Key takeaways Most credit cards have an interest rate of 20% or more—while average car loan interest rate hovers around 5%.
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Pros and cons of buying a car with a card

Pros

Yes, there are some.
When you use a credit card to fully or partially purchase a car, your name goes on the title (not a lender’s).
Also, you may be able to earn credit card rewards, points, or miles by buying a car with a credit card. Remember though—dealer convenience fees may offset the value of those rewards.

Cons

Buying a car with a credit card can negatively affect your credit score.
How so? Credit utilization is the term used to describe the percentage of your credit limit in use. This accounts for roughly 30% of your credit score, and typically you want to keep your credit utilization at the same level or below so your credit doesn’t drop.
So, keep in mind—buying a used car on your credit card can max that card out. If you can’t pay your monthly balance off on time, your credit score will take a beating.
Also, high credit card high-interest rates make credit card vehicle shopping prohibitive for most. Try securing an auto loan or personal loan instead. Interest rates for these typically range from 4.99%-5.49%—much easier to handle for most car buyers.

Car loan comparison tool

Should you decide that a loan might be a safer plan than buying on credit, you deserve a loan package that works for your budget.
Let Jerry help you compare rates and find out how much you can save on your loan. As an AI-powered broker, Jerry gives you all of the savings and coverage with none of the hassle—and it’s totally free to use.

Getting affordable car insurance

Whether you buy a car with your credit card or not, you’ll still need car insurance. Jerry can find you great savings on car insurance with just a few taps on your smartphone. Get Jerry’s help finding the best insurance for your new ride.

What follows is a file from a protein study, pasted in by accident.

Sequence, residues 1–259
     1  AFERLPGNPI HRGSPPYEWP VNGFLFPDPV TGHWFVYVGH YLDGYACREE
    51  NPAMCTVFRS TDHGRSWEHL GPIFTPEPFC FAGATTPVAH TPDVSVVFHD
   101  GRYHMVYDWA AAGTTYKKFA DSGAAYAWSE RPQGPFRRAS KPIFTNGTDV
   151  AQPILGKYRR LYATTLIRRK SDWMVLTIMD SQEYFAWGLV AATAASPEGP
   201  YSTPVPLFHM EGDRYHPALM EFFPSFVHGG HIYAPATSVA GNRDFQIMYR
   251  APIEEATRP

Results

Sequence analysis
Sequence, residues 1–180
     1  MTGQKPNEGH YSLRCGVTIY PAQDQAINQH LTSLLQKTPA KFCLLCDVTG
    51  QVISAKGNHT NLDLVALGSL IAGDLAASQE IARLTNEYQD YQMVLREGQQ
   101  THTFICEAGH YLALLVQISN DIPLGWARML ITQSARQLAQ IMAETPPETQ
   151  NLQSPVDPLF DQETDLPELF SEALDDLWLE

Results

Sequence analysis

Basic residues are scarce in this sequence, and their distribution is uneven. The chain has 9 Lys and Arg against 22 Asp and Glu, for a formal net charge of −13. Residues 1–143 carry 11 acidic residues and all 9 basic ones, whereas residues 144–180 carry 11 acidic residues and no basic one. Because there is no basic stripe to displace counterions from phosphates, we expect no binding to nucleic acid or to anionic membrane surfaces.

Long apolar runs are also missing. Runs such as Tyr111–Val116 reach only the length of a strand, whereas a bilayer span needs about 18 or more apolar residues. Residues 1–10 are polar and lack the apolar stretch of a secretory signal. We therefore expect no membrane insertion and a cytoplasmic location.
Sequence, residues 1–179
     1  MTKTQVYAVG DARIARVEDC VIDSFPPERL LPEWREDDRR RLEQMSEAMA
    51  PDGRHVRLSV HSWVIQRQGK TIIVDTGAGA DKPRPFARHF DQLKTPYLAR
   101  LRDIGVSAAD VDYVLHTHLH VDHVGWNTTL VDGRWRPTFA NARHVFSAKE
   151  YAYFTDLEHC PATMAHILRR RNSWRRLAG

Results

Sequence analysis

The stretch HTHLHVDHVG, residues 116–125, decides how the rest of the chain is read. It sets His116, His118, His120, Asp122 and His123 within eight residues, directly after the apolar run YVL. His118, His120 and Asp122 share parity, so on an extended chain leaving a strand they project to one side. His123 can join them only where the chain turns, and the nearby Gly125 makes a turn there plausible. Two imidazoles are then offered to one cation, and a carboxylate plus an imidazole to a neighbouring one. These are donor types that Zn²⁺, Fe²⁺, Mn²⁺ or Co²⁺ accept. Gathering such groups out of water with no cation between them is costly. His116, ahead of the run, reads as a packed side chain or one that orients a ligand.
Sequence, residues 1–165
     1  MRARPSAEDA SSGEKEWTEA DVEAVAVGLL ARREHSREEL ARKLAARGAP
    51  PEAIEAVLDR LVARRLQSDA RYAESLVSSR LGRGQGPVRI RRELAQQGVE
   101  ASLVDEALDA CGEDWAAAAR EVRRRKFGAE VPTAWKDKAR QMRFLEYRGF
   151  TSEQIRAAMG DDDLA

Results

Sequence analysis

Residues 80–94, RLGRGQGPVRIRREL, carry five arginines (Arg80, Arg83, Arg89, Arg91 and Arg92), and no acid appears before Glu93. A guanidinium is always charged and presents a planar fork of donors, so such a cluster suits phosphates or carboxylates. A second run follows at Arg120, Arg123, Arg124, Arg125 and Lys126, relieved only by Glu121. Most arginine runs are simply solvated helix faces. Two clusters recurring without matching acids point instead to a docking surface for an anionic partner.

If you’re shopping for car insurance, Jerry will generate competitive quotes from top providers in less than a minute.
Jerry gathers your information from your past insurer, so you’re not responsible for any long forms or phone calls. Basically, you get all of the savings and coverage, with none of the hassle.
The average Jerry driver saves $879 a year on car insurance. Oh, and we should mention—Jerry is 100% free!
“Jerry does all the work for you. They compare rates across all the major providers in seconds and automatically sorts the most convenient options for your budget! Give them a try!” — Satisfied Jerry Customer

FAQs

So, should I use my credit card to buy a car or not?

For most people, using a credit card to buy a car is not a good option. High credit card interest rates plus hefty dealer convenience fees make buying a car with a credit card a bad idea for most people.

What if I have a new credit card with an extended 0% interest period?

For some people this may work—just be sure you’ll be able to pay off the card’s balance in full before the 0% period ends. After that, interest rates will kick in!
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Sources Credit card interest rates and auto loan rates sourced from The Balance.